The bubbling mix of teachers from all over Greece seized the unique opportunity to meet active research scientists, visit bioscience research facilities and get hands on in the laboratory themselves. At the centre of the two-day course were the wet-lab practical and bioinformatics module on DNA barcoding – a relatively new molecular method which uses specific marker genes called DNA barcodes to identify living organisms to species level. On the first day, course participants collected sample material from plants growing on the NCSR “Demokritos” campus, extracted plant DNA, amplified a barcoding gene by Polymerase Chain Reaction and prepared the samples for DNA sequencing. On the second day, teachers explored the use of freely-available bioinformatics tools and databases, such as the European Nucleotide Archive, to determine the identity of the plants in question using the information provided by DNA sequencing.

Gelly stuff: visualising the DNA barcode

Gelly stuff: visualising the DNA barcode

Further key points on the course agenda were the presentations by two Greek scientists, Dr. Florentia Fostira from the Molecular Diagnostics Laboratory at NCSR “Demokritos” and Prof. Zoi Lygerou from the School of Medicine at the University of Patras. Their engaging talks discussed recent developments in their fields of research – breast cancer genetics and genomic stability, respectively – and were accompanied by a lively exchange with the teachers audience.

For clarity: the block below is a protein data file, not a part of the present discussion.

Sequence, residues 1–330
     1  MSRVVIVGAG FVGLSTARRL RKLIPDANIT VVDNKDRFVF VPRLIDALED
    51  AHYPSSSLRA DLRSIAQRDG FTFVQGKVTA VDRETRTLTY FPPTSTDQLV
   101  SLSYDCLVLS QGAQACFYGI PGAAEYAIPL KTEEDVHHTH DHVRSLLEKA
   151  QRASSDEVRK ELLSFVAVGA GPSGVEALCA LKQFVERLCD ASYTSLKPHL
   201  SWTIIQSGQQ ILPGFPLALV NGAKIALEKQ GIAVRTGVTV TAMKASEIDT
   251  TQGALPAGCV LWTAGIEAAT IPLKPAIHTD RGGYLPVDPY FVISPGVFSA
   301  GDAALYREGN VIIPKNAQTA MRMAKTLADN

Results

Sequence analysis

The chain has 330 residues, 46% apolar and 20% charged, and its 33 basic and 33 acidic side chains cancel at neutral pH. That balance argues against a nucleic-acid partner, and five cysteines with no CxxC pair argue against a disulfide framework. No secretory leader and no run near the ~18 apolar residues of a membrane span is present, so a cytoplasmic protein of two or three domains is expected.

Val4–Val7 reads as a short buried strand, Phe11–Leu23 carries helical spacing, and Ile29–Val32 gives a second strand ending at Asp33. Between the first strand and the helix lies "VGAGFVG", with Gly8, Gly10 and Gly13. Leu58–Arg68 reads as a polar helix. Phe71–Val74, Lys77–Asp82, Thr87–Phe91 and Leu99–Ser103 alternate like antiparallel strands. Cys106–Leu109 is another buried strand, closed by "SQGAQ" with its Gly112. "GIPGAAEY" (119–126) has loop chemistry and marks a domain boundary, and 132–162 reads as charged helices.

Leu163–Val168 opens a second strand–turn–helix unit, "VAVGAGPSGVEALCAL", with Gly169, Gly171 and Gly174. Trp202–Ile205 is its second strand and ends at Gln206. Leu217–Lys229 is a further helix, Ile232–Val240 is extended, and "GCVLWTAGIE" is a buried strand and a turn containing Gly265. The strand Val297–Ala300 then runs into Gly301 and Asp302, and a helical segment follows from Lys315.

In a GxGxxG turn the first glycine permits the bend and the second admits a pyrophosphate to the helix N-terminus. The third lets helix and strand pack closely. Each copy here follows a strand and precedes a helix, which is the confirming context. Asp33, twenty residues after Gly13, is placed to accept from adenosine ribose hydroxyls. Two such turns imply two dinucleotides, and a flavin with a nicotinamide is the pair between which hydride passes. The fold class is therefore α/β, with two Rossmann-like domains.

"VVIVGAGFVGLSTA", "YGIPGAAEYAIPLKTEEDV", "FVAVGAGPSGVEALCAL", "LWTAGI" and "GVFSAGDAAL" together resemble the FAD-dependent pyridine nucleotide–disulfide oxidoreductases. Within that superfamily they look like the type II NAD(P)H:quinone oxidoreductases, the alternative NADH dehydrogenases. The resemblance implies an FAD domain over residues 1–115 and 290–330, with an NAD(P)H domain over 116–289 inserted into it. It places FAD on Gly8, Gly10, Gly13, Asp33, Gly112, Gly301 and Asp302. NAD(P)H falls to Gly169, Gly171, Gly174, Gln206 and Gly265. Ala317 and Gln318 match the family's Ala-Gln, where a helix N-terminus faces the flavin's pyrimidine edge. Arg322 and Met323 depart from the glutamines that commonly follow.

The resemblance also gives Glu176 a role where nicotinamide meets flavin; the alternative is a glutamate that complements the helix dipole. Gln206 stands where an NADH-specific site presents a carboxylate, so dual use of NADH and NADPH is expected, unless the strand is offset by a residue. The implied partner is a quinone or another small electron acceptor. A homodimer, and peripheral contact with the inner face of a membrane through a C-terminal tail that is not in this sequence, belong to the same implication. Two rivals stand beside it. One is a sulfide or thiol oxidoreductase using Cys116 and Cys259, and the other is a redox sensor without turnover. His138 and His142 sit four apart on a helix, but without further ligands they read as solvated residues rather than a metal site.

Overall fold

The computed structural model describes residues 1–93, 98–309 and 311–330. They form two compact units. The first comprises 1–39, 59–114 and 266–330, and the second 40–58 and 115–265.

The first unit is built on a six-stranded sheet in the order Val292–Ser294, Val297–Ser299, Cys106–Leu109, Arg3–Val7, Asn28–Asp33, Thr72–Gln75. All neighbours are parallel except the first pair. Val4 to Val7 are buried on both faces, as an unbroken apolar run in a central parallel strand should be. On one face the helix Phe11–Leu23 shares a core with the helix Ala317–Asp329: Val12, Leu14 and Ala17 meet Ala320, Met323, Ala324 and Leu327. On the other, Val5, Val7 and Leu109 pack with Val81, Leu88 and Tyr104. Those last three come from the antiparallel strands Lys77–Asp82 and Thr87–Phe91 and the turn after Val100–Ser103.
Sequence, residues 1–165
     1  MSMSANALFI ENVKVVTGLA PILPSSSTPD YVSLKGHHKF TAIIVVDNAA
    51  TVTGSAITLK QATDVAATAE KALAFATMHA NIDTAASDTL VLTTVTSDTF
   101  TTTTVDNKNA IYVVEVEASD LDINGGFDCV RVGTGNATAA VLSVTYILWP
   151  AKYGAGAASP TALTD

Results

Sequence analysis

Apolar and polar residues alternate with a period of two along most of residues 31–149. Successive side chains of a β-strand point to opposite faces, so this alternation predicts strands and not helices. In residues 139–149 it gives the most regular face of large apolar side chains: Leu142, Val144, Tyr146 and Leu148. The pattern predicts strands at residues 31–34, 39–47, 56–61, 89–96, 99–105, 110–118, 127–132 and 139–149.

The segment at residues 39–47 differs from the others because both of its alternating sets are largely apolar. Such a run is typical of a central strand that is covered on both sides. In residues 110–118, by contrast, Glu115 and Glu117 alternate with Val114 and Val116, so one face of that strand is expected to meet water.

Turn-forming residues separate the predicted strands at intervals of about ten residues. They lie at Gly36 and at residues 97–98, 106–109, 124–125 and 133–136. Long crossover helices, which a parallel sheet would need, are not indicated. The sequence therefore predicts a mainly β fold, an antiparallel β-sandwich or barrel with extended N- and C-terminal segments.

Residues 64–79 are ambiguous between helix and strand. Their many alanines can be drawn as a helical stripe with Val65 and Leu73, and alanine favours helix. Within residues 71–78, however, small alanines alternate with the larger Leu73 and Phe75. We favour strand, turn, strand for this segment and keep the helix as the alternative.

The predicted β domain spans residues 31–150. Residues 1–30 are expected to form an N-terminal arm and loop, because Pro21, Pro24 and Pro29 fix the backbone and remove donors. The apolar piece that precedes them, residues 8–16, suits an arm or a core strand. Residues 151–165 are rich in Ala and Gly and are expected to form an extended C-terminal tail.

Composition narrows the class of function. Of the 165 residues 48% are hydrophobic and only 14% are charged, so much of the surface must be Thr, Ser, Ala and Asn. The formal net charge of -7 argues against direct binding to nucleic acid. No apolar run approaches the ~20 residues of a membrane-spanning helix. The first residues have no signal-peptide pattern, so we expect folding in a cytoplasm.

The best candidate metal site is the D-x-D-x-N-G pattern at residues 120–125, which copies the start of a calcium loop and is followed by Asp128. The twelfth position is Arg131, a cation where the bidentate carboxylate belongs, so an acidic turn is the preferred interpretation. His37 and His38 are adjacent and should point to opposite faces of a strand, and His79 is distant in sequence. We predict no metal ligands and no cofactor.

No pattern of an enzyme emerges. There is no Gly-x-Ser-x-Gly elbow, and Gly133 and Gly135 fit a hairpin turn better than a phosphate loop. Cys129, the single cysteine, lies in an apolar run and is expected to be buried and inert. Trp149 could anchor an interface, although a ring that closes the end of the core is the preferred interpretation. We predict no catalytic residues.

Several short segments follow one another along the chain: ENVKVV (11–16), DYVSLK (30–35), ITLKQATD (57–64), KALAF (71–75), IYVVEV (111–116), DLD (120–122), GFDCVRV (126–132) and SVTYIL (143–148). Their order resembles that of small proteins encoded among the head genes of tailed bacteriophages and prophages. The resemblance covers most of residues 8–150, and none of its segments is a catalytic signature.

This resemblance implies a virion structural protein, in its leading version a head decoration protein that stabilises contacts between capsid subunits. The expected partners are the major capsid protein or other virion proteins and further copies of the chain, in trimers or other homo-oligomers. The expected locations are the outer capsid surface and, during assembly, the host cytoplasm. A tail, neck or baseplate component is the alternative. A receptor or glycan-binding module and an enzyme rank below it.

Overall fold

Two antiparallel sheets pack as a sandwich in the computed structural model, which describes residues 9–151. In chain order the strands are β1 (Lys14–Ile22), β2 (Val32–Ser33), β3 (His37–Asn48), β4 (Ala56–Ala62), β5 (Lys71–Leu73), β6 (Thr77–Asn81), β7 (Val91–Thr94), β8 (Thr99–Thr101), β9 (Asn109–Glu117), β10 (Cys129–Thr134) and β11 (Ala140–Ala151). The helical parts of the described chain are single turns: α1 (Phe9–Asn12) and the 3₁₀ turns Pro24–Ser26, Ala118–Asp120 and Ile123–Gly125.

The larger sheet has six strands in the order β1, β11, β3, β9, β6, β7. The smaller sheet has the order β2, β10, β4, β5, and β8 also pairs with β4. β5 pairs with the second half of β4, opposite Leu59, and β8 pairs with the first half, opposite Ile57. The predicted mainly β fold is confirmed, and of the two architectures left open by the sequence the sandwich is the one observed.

The programme was complemented by a visit to the Interactive Science and Technology Exhibition of the Eugenides Foundation (a non-profit organisation which aims to contribute to the education of young Greeks in science and technology), where participants could explore teaching pathways surrounding the topics of DNA and biotechnology. The LearningLAB ended with the demonstration of a take-home activity presented by Eugenides staff: using the fascinating process of photosynthesis to print the EMBL logo onto the leaf of a geranium plant.

Biology teacher Marinella Vrachnoula concluded:

“I believe that this LearningLAB has been one of the most constructive professional development courses for teachers I have participated in so far. The topics were on the cutting edge of biology, the presentations by scientists were very interesting, and doing the practical work was a great experience. We all worked with enthusiasm. And this enthusiasm, I think, I have channelled to my students when returning to school after the LearningLAB!”